Gardening Notes

plant pallet
Written by Jan Tuttle, a former resident and Master Gardener.

[wptabtitle] January[/wptabtitle]

January Gardening Notes

January is a great month for gardening plans. Start by considering what trees you need to plant.
Where to plant trees
For your Greenbelt, consider native species that did well in the storm — live oak, Southern magnolia and Florida or Red maple. Closer to your home, you might want to plant smaller trees — dogwood , Savannah holly or crape myrtle. January 21 is Arbor Day in Florida. Mark the day with your children by planting a tree — let them help.
Selecting trees
Look for a strong single trunk and no side branches that are more than 2/3rds of the main trunk. This will usually be graded “Fancy” or “Grade 1.” Although it is nice to start with a tree that is good size, smaller trees are easier to handle and adapt more easily. It is best to find a tree that has been grown in a container.
Planting the trees
Dig a hole that is 1 inch less that the root ball and twice as wide. Use the dirt that comes out of the hole to fill around the root ball. Do not add amendments — potting soil or fertilizer. They encourage the roots to stay in the hole rather than reaching out into the surrounding soil. Do not press the soil down with your foot but gently water the soil around the root ball to insure that there is not air around the roots. Do not put additional soil on top of the root ball. The roots like to be close to the surface. Water deeply once per day for three weeks and once a week for a year.
Winter flowers
Now that you have a tree planted, prepare a pot or small area with potting soil. Then select some winter flowering plants such as pansy, snapdragon or ornamental kale and plant them near an entrance that will brighten your home and your day


February Gardening Notes

St. Augustine, the grass of Heron’s Forest, is an excellent choice. It is believed to be native to the coastal regions, copes with heat and humid conditions, tolerates salt and grows in shade as well as in sun.
What to do now for your lawn?
Have your mower serviced, the blades sharpened and your soil tested – particularly for phosphorous levels. University of Florida soil testing kits are at my house (call 497-0944). If you need help, I will show you how to take a sample.
You should not apply fertilizer in our region until two weeks after spring regrowth. Higher fertilization rates will produce more growth, faster buildup of thatch and require more mowing and watering. Do not apply nitrogen too early in the growing season as subsequent frosts may damage the grass. On high pH soils, a yellow appearance may be an indication of iron or manganese deficiency.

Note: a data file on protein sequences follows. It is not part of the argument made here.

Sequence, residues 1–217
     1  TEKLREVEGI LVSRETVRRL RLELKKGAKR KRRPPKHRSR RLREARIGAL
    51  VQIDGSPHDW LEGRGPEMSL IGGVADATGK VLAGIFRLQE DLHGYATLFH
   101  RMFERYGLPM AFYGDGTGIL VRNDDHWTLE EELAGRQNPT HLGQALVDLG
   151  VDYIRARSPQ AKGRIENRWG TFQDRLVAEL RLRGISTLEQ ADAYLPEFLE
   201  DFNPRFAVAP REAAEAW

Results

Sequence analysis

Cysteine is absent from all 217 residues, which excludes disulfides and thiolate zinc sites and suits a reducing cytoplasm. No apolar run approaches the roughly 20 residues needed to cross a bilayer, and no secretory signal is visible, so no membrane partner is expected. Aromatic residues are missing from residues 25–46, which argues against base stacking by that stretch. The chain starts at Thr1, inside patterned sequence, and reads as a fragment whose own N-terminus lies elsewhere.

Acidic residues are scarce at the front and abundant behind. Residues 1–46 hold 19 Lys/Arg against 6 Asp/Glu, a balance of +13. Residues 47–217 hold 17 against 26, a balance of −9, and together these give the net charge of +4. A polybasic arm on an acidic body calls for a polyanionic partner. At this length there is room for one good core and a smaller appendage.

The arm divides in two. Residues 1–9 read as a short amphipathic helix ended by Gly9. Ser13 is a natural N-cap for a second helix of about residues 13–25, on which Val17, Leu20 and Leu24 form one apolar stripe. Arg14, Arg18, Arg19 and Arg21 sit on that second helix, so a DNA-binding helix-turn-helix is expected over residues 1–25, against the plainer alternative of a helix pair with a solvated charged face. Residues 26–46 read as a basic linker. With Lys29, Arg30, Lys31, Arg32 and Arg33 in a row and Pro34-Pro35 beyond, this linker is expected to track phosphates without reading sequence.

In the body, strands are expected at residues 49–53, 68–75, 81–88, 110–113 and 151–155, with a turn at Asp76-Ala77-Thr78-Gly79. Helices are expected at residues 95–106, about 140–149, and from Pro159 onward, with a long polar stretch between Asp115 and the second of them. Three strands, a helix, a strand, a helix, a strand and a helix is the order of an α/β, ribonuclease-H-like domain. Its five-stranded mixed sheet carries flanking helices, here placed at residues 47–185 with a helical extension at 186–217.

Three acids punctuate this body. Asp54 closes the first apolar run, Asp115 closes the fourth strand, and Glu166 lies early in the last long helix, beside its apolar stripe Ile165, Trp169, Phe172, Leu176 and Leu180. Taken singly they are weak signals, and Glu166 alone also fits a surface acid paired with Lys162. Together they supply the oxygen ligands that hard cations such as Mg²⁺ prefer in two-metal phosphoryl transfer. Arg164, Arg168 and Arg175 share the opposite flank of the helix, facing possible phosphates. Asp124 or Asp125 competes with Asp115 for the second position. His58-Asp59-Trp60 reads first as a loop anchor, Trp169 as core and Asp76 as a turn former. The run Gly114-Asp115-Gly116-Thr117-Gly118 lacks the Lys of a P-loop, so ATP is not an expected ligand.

St Augustine may be mowed at 2 inches but this low cutting height requires more fertilizer and water to maintain an attractive lawn. Cutting the lawn at 3 to 4 inches reduces the maintenance and reduces weed and pest problems.
The best way to irrigate an established lawn is on an as-needed basis. This means that you will turn off your automatic sprinkler system. When the grass blades begin to wilt is the time to give the lawn 3/4 to 1 inch of water. To test- turn your sprinkler on after you have placed several similar containers on the lawn. Check to see how long the sprinkler needs to run to get the required 3/4 to 1 inch in each container. Then, set the automatic sprinkler for that length of time. When you see that the grass needs water, simply turn the system on. Why 3/4 to 1 inch? Deep watering causes grass roots to reach down into the soil. Frequent, light watering causes shallow roots which sets the grass up for problems.
Lawn Pests
Cinch Bugs are the major pest of St. Augustine and result in brownish patches of turf. To test – remove both ends of a coffee can, inserting one end through the soil at the margin of the suspected area. Fill with water. Chinch bugs will float to the water surface. Insecticide treatment, sometimes repeated treatment, may be required. Mole Crickets damage grass by searching for food underground – making tunnels or soft mounds. When these conditions are found, apply 2 gallons of water with 1 1/2 oz of detergent soap per 2 square feet. Mole crickets will surface in minutes.
Brown Patch and Gray Leaf Spot
These occur in warm, humid weather and are encouraged by excessive nitrogen. Both can be controlled with fungicides.


March Gardening Notes